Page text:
It’s my annual “Taxes from A to Z” series! If you’re wondering whether you can claim wardrobe expenses or whether to deduct a capital loss, you won’t want to miss it.

P Is For Pease Limitations

High-income taxpayers who itemize their deductions on a Schedule A, Itemized Deductions (downloads as a PDF) should be aware of Pease limitations. Pease limitations are named after former Rep. Don Pease (D-OH) and cap or phase out some itemized deductions once adjusted gross income (AGI) reaches certain dollar amounts.

What the Pease limitations do, effectively, is reduce the total amount of deductions you can claim on your return. If the Pease limitations apply, the total of all your itemized deductions is reduced by the lesser of:

  • 3% of AGI above the applicable threshold; or
  • 80% of the amount of itemized deductions otherwise allowable for the tax year.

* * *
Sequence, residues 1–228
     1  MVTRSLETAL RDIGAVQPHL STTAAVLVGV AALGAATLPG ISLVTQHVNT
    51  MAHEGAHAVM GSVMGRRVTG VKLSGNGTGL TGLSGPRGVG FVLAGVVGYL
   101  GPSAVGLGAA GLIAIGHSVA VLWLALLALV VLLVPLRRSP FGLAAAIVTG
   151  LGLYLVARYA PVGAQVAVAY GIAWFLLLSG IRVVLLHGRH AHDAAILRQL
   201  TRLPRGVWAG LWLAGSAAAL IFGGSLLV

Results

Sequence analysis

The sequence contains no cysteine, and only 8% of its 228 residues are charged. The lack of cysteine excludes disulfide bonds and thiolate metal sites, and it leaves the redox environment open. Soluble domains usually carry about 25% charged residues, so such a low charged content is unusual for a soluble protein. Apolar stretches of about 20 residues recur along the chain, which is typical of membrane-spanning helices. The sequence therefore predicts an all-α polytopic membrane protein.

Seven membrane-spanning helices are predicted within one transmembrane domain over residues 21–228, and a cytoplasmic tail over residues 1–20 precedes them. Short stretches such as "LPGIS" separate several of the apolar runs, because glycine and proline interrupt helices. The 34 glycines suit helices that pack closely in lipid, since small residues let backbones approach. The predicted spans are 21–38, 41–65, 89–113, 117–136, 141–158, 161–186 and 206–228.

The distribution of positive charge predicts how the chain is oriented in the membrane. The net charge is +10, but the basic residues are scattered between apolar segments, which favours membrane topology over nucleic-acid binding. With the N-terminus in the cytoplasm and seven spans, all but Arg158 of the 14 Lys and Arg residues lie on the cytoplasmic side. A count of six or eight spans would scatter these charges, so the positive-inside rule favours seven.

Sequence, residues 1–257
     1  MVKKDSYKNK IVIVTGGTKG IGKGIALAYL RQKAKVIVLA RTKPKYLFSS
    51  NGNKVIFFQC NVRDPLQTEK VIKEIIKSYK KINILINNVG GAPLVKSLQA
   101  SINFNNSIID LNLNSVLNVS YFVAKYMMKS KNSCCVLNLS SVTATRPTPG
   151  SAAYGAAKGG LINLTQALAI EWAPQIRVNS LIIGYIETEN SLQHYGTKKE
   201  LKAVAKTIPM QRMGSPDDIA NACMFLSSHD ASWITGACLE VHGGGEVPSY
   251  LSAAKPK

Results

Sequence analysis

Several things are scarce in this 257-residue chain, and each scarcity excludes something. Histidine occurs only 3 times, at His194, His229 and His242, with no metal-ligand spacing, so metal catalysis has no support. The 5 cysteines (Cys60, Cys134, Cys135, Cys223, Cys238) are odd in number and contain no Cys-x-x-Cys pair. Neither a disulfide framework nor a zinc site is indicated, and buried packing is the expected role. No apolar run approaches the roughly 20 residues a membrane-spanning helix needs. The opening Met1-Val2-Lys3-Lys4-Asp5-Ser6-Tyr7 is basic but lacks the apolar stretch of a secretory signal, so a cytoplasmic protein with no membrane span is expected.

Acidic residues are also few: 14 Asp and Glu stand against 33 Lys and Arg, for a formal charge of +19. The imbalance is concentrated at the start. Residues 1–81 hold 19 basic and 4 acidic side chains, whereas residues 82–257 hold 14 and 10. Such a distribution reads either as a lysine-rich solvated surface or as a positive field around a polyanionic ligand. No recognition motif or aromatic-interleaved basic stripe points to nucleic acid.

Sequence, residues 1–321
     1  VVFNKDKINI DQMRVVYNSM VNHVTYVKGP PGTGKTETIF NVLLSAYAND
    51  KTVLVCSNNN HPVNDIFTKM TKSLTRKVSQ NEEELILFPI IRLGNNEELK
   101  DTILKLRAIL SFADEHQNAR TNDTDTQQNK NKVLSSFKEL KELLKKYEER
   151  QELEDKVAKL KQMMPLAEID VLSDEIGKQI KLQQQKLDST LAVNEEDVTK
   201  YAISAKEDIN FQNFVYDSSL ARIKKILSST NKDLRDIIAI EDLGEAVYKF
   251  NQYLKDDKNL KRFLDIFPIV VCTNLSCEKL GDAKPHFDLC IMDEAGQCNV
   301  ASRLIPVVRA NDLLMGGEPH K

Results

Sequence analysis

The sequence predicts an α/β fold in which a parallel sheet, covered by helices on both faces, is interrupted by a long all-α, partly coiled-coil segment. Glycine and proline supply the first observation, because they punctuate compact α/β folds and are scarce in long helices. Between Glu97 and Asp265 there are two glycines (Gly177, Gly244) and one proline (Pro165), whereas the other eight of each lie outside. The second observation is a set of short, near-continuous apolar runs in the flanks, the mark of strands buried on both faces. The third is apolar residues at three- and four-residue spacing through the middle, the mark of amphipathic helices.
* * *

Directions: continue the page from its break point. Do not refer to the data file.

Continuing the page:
Here’s the math:

Let’s say you are a single taxpayer with an adjust AGI of $400,000 and your affected itemized deductions total $50,000. The Pease limitations reduce your deductions at a rate of 3% – or 3 cents for each dollar – over the threshold. Since the overage is $141,750 ($400,000 AGI – $258,250 Pease threshold), your allowable deductions are reduced by $4,252.50  resulting in an allowable deduction of $45,747.50. At a marginal rate of 33%, you can see that the loss of deduction costs you about $1,400. As income and tax rates go up, the loss of the deduction hits your wallet more. (*This doesn’t take into account other limitations on deductions, such as the Alternative Minimum Tax (AMT).)

Pease limitations apply to charitable donations, the home mortgage interest deduction, state and local tax deductions and miscellaneous itemized deductions. They do not apply to medical expenses, investment expenses, gambling losses and certain theft and casualty losses.

Note: Under the TCJA, there are no Pease limitations for the tax years 2018 through 2025.

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Author

Kelly Erb is a tax attorney, tax writer and podcaster.

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